Using tyres that are more than 10 years old on certain types of vehicles is to become illegal as part of an effort to improve road safety.
From February 2021 operators of lorries, buses and taxis will be banned from using older tyres on the front wheels and they will be banned from use at all on minibuses.
The move comes after research by the Department for Transport found that ageing tyres suffer corrosion that could cause them to fail, leading to accidents.
The ban means that any vehicle fitted with tyres that are aged 10 years and older will automatically fail its annual MOT test. It will also fail if the tyres do not display a date code, either for original manufacture or, in the case of re-treads, the date the re-treading was carried out.
If a vehicle is spotted with older tyres during a roadside inspection by DVSA enforcement officers it will be issued with an ‘S mark prohibition meaning the vehicle will have to be taken off the road until newer tyres are fitted.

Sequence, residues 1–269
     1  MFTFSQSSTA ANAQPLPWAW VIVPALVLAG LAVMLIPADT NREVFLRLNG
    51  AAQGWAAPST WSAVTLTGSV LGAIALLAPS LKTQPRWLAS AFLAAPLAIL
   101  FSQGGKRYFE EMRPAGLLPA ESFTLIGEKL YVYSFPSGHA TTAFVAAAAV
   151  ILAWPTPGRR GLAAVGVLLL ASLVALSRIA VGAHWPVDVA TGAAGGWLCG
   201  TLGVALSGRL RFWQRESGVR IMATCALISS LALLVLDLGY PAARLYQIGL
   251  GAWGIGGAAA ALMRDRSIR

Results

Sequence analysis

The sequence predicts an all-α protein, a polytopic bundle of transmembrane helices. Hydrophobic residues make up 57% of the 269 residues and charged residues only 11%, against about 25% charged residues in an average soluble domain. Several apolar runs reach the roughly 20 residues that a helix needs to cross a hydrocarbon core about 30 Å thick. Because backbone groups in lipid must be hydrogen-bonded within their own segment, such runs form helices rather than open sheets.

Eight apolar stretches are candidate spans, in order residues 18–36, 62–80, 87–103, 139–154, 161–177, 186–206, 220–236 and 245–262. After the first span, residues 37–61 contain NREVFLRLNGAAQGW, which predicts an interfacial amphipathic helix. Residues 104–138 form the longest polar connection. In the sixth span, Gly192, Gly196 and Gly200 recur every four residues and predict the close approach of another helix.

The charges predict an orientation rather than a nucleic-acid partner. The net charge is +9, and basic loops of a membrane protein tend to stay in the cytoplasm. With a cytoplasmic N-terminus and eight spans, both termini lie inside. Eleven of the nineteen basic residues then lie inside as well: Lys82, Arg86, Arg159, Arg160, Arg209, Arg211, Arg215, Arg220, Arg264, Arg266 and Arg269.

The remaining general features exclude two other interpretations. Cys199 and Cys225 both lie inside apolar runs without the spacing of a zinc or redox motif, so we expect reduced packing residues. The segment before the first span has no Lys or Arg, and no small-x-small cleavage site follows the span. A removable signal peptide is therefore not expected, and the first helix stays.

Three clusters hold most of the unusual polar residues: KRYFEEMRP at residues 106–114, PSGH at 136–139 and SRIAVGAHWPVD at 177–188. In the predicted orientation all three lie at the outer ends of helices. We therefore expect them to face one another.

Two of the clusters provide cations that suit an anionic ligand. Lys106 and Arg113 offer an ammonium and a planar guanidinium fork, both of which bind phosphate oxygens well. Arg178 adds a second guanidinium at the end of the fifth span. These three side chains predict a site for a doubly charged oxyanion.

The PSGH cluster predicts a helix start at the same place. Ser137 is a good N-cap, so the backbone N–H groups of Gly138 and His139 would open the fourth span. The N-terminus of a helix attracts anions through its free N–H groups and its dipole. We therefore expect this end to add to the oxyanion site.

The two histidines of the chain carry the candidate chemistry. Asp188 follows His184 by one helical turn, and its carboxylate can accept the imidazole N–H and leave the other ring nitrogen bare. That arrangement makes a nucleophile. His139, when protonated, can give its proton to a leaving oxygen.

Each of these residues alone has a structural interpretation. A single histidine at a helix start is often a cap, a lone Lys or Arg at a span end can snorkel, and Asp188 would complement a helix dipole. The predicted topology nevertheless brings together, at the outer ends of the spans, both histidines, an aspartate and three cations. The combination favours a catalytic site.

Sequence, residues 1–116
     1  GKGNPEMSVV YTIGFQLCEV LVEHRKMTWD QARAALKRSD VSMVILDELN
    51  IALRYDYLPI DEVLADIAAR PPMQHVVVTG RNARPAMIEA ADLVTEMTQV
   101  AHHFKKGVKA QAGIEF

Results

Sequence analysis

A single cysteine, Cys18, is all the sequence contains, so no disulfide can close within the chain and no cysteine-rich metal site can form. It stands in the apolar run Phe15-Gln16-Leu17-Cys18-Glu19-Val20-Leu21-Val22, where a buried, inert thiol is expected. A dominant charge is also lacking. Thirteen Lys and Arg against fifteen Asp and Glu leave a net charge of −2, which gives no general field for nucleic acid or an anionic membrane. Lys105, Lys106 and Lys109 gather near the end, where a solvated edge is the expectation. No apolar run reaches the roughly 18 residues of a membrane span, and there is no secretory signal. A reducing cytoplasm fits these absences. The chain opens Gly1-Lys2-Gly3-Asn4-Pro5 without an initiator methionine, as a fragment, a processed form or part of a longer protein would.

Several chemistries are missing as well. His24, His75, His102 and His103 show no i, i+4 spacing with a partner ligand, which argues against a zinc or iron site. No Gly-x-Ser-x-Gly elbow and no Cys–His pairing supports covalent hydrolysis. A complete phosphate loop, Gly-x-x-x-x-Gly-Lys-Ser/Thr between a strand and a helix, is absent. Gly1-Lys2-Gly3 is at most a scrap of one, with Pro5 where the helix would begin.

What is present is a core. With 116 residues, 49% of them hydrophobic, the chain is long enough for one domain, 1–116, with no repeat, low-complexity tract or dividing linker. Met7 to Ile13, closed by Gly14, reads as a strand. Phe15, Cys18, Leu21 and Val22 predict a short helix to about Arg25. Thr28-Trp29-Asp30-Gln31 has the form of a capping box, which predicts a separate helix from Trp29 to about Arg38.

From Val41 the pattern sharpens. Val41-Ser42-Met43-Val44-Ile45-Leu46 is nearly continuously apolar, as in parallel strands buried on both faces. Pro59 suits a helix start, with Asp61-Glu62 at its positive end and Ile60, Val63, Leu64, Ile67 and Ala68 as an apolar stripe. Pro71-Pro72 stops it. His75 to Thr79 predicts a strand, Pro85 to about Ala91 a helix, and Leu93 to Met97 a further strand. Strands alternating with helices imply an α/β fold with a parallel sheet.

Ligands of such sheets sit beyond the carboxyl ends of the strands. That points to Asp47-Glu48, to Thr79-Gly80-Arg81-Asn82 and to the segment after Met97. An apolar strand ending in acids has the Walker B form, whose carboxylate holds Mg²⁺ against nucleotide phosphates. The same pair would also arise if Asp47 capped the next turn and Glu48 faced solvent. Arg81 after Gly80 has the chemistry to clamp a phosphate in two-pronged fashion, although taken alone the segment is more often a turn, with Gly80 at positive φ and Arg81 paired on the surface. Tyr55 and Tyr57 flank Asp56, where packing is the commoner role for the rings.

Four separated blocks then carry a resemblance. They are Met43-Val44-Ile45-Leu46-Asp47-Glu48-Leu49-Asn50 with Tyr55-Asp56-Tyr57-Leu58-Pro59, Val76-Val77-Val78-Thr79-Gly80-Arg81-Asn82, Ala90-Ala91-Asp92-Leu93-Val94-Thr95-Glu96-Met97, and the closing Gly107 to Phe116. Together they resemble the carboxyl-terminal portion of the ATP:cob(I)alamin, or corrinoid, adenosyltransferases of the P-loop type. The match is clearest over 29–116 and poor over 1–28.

Announcing the move, Roads Minister Baroness Vere said: “In the same way that you wouldn’t drive a car with faulty brakes, ensuring your tyres are fit for purpose is crucial in making every journey safer.
“Taking this step will give drivers across the country confidence their lorries, buses and coaches are truly fit for use – a safety boost for road users everywhere.
“This change is in no small way the result of years of campaigning, particularly from Frances Molloy, to whom I thank and pay tribute.
Frances Molloy’s son Michael died in a coach crash in 2012 when the vehicle had a 19-year-old tyre fitted to the front axle. Since the accident, Mrs Molloy has campaigned to see the law changed.